The northwesterly-facing beaches (Cambria, Morro Bay, Los Osos, Montaña de Oro and Nipomo) will range from the low to mid-60s, while the southwesterly facing beaches (Cayucos and Avila Beach) will range from the high 60s to the low 70s.
The coastal valleys (San Luis Obispo) will reach the low 70s, while the North County (Paso Robles) will only reach the mid-80s.
A subtle change in the weather pattern is expected Monday and Tuesday, as a high pressure ridge is forecast to retrograde west, over the desert Southwest.
While low marine clouds and mist are still expected to return to the coast and coastal valleys nights and mornings, daytime temperatures will gradually warm for all locations, especially across the North County.
Fresh to strong (19 to 31 mph) northwesterly winds will develop along our coastline Wednesday afternoon through Friday, producing a much greater amount of clearing along the beaches.
Also during this time frame, there is a chance for monsoon moisture from the remnants of Hurricane Greg to move north off the temperate mid-latitude Eastern Pacific, bringing slight chances for thunderstorm development in the mountains of San Luis Obispo County late Tuesday into Thursday, with higher likelihoods for the central and southern Sierra.
Surf and sea report
Today’s 2- to 3-foot northwesterly (300-degree deepwater) swell (with a 7- to 10-second period) will remain at this height and period through Wednesday morning.
Fresh to strong (19 to 31 mph) northwesterly winds will generate a 4- to 5-foot northwesterly (315-degree deepwater) sea and swell (with a 5- to 11-second period) Wednesday afternoon through Saturday.
Arriving from the Southern Hemisphere: Today’s Southern Hemisphere swell is arriving along areas of the Central and Southern California shoreline today, but its incoming direction is too far southeast (200 degrees) to have much effect along the coastline.
Today’s longer-range models are advertising a significant storm developing about 800 miles west-southwest of New Zealand on Tuesday and Wednesday.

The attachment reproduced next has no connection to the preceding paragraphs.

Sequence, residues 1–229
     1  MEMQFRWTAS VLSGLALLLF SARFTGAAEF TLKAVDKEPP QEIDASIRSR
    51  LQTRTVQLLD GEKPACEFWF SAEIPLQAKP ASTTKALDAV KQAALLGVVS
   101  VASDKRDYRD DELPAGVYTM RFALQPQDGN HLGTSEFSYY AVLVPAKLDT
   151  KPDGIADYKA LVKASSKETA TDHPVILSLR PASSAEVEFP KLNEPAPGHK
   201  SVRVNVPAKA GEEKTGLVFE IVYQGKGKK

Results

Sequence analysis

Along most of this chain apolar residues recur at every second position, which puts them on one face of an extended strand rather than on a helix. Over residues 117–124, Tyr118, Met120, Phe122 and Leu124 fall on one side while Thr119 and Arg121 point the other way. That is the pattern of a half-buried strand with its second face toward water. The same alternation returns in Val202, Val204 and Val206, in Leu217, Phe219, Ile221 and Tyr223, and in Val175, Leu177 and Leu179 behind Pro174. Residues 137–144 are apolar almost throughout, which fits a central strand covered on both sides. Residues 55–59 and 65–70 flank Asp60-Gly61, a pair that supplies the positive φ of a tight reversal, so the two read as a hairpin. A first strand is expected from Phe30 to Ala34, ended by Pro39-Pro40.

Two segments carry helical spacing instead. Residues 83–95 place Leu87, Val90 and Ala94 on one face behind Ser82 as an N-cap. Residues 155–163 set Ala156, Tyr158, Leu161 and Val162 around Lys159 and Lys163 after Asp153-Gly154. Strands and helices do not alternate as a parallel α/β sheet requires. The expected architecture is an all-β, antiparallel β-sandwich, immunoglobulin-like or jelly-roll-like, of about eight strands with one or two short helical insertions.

If the storm develops as advertised, the highest-energy Southern Hemisphere (240-degree deepwater) swell of the season can be expected to arrive along the Central Coast shoreline Aug. 30 and 31.
Seawater temperaturs will range between 56 and 58 degrees through tonight, increasing to 57 and 60 degrees Monday through Tuesday.
They’re expected to decrease to 55 and 57 degrees on Wednesday through Friday.
PG&E is taking steps to enhance public safety partnerships with the first responders (police, firefighters and emergency medical technicians) who help keep communities safe.
To learn more, visit: ww.pge.com/mybusiness/edusafety/firstresponder.
Siren test Saturday
The San Luis Obispo County Early Warning System sirens will be tested Saturday. The sirens will sound twice — at noon and again about 30 minutes later — and will last three to five minutes.
During the tests, local radio and television stations will be conducting normal programming.
However, if you hear the sirens at any other time, go indoors and tune to your local stations for important emergency information and instructions. This program is sponsored by PG&E and the county.
John Lindsey, media relations representative for PG&E and local weather expert, has lived along the Central Coast for more than 25 years. To subscribe to his daily weather forecast or ask him a question, email him at firstname.lastname@example.org.